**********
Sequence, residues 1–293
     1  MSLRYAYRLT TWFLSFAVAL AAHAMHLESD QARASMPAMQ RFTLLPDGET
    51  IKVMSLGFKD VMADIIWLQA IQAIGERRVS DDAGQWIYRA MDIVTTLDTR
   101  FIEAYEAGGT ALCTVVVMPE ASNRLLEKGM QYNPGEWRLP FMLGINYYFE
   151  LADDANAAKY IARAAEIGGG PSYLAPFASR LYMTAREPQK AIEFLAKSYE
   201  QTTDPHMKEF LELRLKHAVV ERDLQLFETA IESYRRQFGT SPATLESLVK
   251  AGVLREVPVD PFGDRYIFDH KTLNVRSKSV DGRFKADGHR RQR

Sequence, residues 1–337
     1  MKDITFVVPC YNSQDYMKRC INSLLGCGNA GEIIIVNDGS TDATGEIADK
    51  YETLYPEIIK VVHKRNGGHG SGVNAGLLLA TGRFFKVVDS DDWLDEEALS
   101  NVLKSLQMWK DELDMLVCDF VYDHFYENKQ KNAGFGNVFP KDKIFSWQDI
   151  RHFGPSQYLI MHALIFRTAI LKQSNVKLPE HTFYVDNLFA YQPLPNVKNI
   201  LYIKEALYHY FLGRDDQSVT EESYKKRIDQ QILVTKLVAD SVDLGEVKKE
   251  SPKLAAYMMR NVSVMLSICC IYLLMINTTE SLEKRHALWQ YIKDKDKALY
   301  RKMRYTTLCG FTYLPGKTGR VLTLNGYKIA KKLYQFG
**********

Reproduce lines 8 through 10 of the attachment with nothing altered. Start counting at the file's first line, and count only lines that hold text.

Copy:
Sequence, residues 1–337
     1  MKDITFVVPC YNSQDYMKRC INSLLGCGNA GEIIIVNDGS TDATGEIADK
    51  YETLYPEIIK VVHKRNGGHG SGVNAGLLLA TGRFFKVVDS DDWLDEEALS